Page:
I'll have to go and take a look at the code, but this shouldn't be hard to fix -- clipping is fairly fast (don't we have a fast clipping method by David C now?), even for extremely large images.
Regards Stéfan
Hi Stéfan,
Agreed, but the aliasing effects isn't not the problem here, as it should be visible in the input image as well.
It's a bit academic now that Zach seems to have found the answer, but I don't think this is true. Aliasing is *present* in the input image, but is simply manifested as blockiness (due to the larger pixel size relative to the scene). It is only once you interpolate the data in a more general way that the aliasing turns into other artefacts. The reduced image contains too few sample points to determine the frequency content of the underlying scene uniquely for interpolating, but the values still *have* to be meaningful until you resample in some other way, because all you did was average over contiguous areas.
The image definately is a scaled down version of the original Lena -- very interesting, btw, see
Cool. I wondered where the picture came from (I suppose I could have looked that up in wikipedia too). The full frame is also nice :-).
A rotation should take place without significant shifts in colour. This almost looks like a value overflow problem.
Sounds like this idea was correct. I was also just starting to form some suspicion about the integers getting maxed out...
Could you apply the PyRAF rotation on the Lena given above and post the result?
I'd be happy to, but is the problem solved now? I can't handle colour images directly in IRAF/PyRAF, but I could split the 3 channels into separate images, rotate each of them and put them back together. Do I need to use something like PIL to read your PNG into numarray? I usually use FITS files... Let me know if you still want to try this.
I always thought we could simply revert to using bilinear and bicubic polygon interpolation (instead of spline interpolation)
Interesting. In my brief look at your paper and Web page (so far), I had missed that your polygon interpolation can be bicubic, rather than just linear like Drizzle. I'll have to figure out what this means and whether it might be useful for what I'm doing.
Cheers,
James.
James Turner wrote:
By the way, ringing at sharp edges is an intrinsic feature of higher- order spline interpolation, right? I believe this kind of interpolant is really intended for smooth (band-limited) data. I'm not sure why the pre-filtering makes a difference though; I don't yet understand well enough what the pre-filter actually does.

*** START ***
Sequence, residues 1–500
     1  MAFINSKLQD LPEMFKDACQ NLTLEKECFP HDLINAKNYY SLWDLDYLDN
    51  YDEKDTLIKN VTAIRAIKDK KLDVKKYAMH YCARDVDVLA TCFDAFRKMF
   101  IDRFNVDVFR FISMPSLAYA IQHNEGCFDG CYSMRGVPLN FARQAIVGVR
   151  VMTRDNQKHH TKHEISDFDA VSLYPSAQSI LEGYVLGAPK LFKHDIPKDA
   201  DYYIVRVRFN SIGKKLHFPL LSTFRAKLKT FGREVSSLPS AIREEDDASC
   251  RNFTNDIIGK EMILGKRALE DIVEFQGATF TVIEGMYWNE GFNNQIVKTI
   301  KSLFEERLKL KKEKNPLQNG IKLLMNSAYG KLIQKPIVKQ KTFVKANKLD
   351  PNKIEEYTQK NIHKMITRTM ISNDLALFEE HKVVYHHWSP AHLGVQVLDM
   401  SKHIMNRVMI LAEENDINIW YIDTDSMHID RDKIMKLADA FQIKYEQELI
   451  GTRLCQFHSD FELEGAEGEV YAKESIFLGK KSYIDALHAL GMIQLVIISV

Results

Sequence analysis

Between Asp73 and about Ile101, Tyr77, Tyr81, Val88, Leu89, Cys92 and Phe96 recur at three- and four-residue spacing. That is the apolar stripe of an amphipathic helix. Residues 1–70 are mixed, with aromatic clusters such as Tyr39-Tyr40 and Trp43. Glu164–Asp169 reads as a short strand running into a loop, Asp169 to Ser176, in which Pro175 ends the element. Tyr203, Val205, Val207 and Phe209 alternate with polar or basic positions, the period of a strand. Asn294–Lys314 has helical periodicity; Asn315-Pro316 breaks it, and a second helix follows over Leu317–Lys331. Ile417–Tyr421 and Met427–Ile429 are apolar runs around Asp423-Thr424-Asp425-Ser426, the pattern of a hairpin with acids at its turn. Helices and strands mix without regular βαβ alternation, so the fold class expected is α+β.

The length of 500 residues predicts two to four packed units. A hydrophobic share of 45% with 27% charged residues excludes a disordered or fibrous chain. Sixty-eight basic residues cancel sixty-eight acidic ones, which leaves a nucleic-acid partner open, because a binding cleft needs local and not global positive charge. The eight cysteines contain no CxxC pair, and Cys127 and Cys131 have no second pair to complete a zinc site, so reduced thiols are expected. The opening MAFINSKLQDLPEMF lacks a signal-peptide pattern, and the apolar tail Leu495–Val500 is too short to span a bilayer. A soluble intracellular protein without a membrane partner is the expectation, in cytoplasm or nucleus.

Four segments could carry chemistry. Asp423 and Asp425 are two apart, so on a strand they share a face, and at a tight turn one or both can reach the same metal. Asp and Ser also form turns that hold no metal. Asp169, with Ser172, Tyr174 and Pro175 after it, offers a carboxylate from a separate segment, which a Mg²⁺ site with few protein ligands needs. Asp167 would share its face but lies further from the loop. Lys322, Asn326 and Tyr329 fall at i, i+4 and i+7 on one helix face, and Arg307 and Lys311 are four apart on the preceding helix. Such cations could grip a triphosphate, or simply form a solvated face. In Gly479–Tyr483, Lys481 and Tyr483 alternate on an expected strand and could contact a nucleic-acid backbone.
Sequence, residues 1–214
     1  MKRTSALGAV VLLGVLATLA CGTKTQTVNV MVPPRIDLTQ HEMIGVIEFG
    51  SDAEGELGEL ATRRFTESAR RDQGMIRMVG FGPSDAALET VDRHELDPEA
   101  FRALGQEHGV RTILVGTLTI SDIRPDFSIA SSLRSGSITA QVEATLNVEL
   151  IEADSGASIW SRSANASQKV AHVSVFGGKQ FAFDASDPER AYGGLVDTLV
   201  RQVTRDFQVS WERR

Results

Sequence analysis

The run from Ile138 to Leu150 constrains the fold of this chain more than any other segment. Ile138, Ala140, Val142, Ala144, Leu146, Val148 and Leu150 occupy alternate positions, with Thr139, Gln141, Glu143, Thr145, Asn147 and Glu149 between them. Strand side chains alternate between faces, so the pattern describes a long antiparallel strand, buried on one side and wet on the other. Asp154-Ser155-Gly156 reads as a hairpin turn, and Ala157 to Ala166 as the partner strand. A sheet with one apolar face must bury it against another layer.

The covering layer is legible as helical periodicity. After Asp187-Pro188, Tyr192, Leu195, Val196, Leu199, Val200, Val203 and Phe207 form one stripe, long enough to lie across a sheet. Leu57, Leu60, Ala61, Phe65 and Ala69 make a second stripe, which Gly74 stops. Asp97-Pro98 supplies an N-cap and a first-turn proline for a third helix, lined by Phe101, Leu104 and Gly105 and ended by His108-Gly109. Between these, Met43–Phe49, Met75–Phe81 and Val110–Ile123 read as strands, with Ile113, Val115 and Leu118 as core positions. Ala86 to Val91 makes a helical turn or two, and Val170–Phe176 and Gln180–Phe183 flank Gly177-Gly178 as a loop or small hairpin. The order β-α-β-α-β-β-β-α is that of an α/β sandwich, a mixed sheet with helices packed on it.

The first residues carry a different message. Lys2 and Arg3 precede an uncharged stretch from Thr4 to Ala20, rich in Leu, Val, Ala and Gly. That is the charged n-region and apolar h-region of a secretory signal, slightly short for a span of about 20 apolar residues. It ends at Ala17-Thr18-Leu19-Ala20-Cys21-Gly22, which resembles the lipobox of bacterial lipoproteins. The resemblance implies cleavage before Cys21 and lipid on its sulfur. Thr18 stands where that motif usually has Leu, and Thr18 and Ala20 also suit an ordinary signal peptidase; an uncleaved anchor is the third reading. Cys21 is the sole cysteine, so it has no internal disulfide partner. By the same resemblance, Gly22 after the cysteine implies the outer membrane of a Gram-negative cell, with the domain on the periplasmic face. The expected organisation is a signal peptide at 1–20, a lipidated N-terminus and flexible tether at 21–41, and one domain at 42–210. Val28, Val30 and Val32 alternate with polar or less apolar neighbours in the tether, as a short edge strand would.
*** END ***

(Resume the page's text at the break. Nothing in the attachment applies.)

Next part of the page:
Yes, ringing at edges is an intrinsic feature of higher-order spline interpolation. Eventually, the spline interpolant becomes a band-limited sinc-interpolator which will assume that edges are really points sampled from a sinc. So, if you re-sample at different points you get the "ringing" effect. But, you shouldn't see a lot of ringing below order 7.
The pre-filter obtains the spline-interpolation coefficients. The spline assumes the continuous function represented by the samples at x_i is
f(x,y) = sum(c_ij beta^o(x-x_i) beta^o(y-y_i))
The "pre-filter" is computing the coefficients c_ij. You then evaluate at any point you like using the continuous function implied by the spline. The function beta^o is a spline function and depends on the order of the spline.
I'm not sure what people normally do in computer graphics, since I'm working more with natural band-limited images, but in the case of Stefan's "rotate_artifacts" example, wouldn't it be appropriate to use the 1st- or 0th-order spline instead of the 2nd order? If your real-life data are smooth enough, however, then in theory the ringing with higher orders should go away.
Yes, that is true. But, you really shouldn't see much ringing with a 3rd order spline, though.
I studied these splines for a while, but my memory can fail me. You can look at the papers of M. Unser for much more information. Here is a link to a good review paper.
http://bigwww.epfl.ch/publications/unser0001.pdf
-Travis
Hello again,
On Mar 23, 2007, at 7:56 AM, Travis Oliphant wrote:
I'm not sure what people normally do in computer graphics, since I'm working more with natural band-limited images, but in the case of Stefan's "rotate_artifacts" example, wouldn't it be appropriate to use the 1st- or 0th-order spline instead of the 2nd order? If your real-life data are smooth enough, however, then in theory the ringing with higher orders should go away.
Yes, that is true. But, you really shouldn't see much ringing with a 3rd order spline, though.
There are a couple of different examples of ringing that we've seen (specifically, the first and third attachments to scipy ticket 213: http://projects.scipy.org/scipy/scipy/ticket/213
The first was on Stefan's artificial data which had sharp edges, and got very nasty ringing artifacts even with 3rd order splines. From your recollection, is this expected behavior based on splines and the nature of Stefan's image, or more likely to be a bug?
The second example is rotated version of Lena -- an image with natural and much smoother edges -- where 3rd order spline interpolation still introduced strong ringing (or something nasty). This looks more like a bug, but (as per this discussion) my insight is clearly limited in this case.
Zach